By Steve Kaliski, DCI Fellow
Theatre is a laboratory of risks, mistakes, and accidents.
Though this might sound like a strange way to describe an art form that, at least from the audience’s point of view, depends on meticulously repeating the exact same product night after night, risks, mistakes and accidents really point to what is indispensable about theatre in both civic and academic contexts.
Consider the hyper-competitive, high-achieving ethos of a place like Davidson College. Extremely smart people work very, very hard to be as utterly on point as often as possible. But how about this, students? Take a class in Cunningham, and you can let down your perfectionist guards! Here, we don’t want you to do it the right way, at least not for a while. We want you to mess up, to fail, to test all the wrong ways first. We want you to explore the edges of the cliffside, not stand stock still in the middle of a vast field, wrongfully assuming that you’re already about to fall.
That’s all pretty romantic. What does it actually mean? And how does it connect to deliberation?
I teach theatre at Davidson and am also an actor, director, playwright, and public speaking coach. All of these roles feature moments of crisis in which I have to make a choice about which of two lists to center: the list of things I can’t do, or the list of things I can do.
The list of things I can’t do is vast: I can’t say “like” or “um;” I can’t look awkward with my arms; I can’t say “I don’t know” (I’m an expert, after all); I can’t look like an idiot on stage; I can’t forget my lines; I can’t bore my audience.
But the list of things I can do is vaster: my voice is an instrument, and I can do anything with it (speed up, slow down, take pauses, chuckle, make funny noises, emphasize the delicious phrase that brings it all together); I can make my scene partner see how much I care (amazing how I’m not thinking about my hands anymore); I can speak with passion about a topic that has affected me personally; I can ask questions to which I truly don’t know the answers.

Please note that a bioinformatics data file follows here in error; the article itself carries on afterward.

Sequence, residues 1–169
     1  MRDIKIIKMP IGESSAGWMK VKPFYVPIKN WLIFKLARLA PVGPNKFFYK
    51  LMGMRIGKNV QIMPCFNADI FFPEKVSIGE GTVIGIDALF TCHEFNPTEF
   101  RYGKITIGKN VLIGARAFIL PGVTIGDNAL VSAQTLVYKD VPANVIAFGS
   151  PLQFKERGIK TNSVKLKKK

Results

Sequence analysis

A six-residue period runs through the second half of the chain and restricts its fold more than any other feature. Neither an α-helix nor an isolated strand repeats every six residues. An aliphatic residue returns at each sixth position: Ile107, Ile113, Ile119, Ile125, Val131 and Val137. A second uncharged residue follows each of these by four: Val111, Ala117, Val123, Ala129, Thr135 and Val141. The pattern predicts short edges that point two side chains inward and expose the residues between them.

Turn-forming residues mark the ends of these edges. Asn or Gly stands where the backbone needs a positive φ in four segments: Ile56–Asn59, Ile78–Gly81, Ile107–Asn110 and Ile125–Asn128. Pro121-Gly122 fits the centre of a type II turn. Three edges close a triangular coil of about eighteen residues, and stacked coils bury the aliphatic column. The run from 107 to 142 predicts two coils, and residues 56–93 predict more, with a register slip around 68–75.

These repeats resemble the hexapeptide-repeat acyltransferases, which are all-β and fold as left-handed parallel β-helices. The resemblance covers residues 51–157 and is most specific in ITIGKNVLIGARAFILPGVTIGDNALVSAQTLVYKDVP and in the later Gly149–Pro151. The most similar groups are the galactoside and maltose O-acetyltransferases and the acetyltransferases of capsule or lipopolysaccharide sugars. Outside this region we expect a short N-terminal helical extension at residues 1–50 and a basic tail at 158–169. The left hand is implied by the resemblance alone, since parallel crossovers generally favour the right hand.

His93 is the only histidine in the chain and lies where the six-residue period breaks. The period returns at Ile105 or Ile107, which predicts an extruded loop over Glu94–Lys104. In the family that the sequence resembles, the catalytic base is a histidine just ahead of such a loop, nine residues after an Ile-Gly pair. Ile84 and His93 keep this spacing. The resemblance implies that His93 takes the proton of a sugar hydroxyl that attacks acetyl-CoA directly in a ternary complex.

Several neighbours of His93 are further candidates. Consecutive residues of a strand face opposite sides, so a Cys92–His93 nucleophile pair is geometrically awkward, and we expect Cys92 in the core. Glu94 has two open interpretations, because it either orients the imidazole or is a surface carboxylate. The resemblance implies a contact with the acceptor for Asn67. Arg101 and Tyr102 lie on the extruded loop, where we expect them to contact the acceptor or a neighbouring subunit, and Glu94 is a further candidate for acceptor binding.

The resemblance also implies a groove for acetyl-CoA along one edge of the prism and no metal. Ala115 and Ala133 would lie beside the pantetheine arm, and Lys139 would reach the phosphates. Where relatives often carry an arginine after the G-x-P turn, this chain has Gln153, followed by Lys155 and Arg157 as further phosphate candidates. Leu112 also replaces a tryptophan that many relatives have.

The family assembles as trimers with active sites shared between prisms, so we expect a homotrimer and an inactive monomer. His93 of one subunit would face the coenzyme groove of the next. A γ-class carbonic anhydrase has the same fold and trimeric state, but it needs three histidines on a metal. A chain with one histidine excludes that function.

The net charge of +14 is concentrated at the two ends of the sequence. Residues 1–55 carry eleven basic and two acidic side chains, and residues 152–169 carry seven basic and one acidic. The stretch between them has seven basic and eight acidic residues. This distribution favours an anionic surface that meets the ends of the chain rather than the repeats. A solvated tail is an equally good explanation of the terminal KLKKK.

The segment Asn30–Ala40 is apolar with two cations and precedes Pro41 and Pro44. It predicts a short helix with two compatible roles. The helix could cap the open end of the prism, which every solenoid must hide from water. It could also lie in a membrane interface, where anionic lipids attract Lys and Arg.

Much of performance training empowers the artist with a sense of what can be done. This is tremendously freeing, and it can lead to many happy, productive accidents. In a scene between a mother and daughter, the daughter might decide she wants to get her mother to listen to her. Her tactic is “to bounce off the walls.” The actor decides to literally try this, playing the whole scene as a sprint from one studio wall to another, with an emphatic bounce at each point of impact. She even says “boing” out loud.
Is this the right choice for the final performance? No. It’s ridiculous.
But in being willing to explore anything, perhaps the actor discovers that 10% of this is, believe it or not, useful. And that 10% makes it into opening night. The clumsy stuff unmasked the real stuff.
Reflecting on our early semester deliberations, I am struck by the fear and caution that stifles our discourse about major civic issues. “I don’t know a thing about healthcare policy, so I won’t say anything, or I’ll politely defer to the consensus.” This feels like a distinctly Davidsonian pressure to be right, to be a premature expert, to not say the wrong thing, although I suspect it affects others elsewhere as well. I hope as we all rehearse our deliberative encounters that we can learn from the theatre and be more open to risks, mistakes, and accidents. If we center the positive–what we can do, what we can ask–we might messily make our way toward some productive civic action.
P.S. The only times I’ve ever forgotten my lines were when I told myself I couldn’t forget my lines.